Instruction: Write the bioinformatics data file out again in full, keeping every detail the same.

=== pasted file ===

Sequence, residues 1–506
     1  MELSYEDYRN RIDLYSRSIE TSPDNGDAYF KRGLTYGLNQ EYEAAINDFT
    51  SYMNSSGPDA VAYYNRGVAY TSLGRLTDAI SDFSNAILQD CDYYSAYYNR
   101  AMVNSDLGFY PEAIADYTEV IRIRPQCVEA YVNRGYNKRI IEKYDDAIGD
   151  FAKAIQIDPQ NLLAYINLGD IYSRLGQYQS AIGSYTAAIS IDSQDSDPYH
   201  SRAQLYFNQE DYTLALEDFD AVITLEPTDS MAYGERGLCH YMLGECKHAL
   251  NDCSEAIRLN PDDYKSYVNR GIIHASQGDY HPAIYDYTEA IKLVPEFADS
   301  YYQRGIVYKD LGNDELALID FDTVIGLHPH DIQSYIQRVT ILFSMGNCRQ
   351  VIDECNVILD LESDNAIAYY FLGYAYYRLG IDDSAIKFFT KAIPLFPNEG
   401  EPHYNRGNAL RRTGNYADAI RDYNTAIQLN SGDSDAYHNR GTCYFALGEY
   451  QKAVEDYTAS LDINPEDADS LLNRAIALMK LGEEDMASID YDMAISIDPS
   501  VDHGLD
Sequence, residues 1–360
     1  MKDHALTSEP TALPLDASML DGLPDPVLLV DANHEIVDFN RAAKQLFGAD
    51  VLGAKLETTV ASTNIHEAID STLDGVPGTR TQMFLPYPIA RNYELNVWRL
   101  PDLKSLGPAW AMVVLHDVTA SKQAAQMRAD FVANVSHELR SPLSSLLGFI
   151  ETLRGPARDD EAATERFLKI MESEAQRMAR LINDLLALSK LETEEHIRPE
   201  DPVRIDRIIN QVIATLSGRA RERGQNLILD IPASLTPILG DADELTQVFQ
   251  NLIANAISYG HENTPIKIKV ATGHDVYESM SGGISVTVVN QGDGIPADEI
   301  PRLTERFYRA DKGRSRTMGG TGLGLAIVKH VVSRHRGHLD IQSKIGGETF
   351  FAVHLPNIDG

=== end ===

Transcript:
Sequence, residues 1–506
     1  MELSYEDYRN RIDLYSRSIE TSPDNGDAYF KRGLTYGLNQ EYEAAINDFT
    51  SYMNSSGPDA VAYYNRGVAY TSLGRLTDAI SDFSNAILQD CDYYSAYYNR
   101  AMVNSDLGFY PEAIADYTEV IRIRPQCVEA YVNRGYNKRI IEKYDDAIGD
   151  FAKAIQIDPQ NLLAYINLGD IYSRLGQYQS AIGSYTAAIS IDSQDSDPYH
   201  SRAQLYFNQE DYTLALEDFD AVITLEPTDS MAYGERGLCH YMLGECKHAL
   251  NDCSEAIRLN PDDYKSYVNR GIIHASQGDY HPAIYDYTEA IKLVPEFADS
   301  YYQRGIVYKD LGNDELALID FDTVIGLHPH DIQSYIQRVT ILFSMGNCRQ
   351  VIDECNVILD LESDNAIAYY FLGYAYYRLG IDDSAIKFFT KAIPLFPNEG
   401  EPHYNRGNAL RRTGNYADAI RDYNTAIQLN SGDSDAYHNR GTCYFALGEY
   451  QKAVEDYTAS LDINPEDADS LLNRAIALMK LGEEDMASID YDMAISIDPS
   501  VDHGLD
Sequence, residues 1–360
     1  MKDHALTSEP TALPLDASML DGLPDPVLLV DANHEIVDFN RAAKQLFGAD
    51  VLGAKLETTV ASTNIHEAID STLDGVPGTR TQMFLPYPIA RNYELNVWRL
   101  PDLKSLGPAW AMVVLHDVTA SKQAAQMRAD FVANVSHELR SPLSSLLGFI
   151  ETLRGPARDD EAATERFLKI MESEAQRMAR LINDLLALSK LETEEHIRPE
   201  DPVRIDRIIN QVIATLSGRA RERGQNLILD IPASLTPILG DADELTQVFQ
   251  NLIANAISYG HENTPIKIKV ATGHDVYESM SGGISVTVVN QGDGIPADEI
   301  PRLTERFYRA DKGRSRTMGG TGLGLAIVKH VVSRHRGHLD IQSKIGGETF
   351  FAVHLPNIDG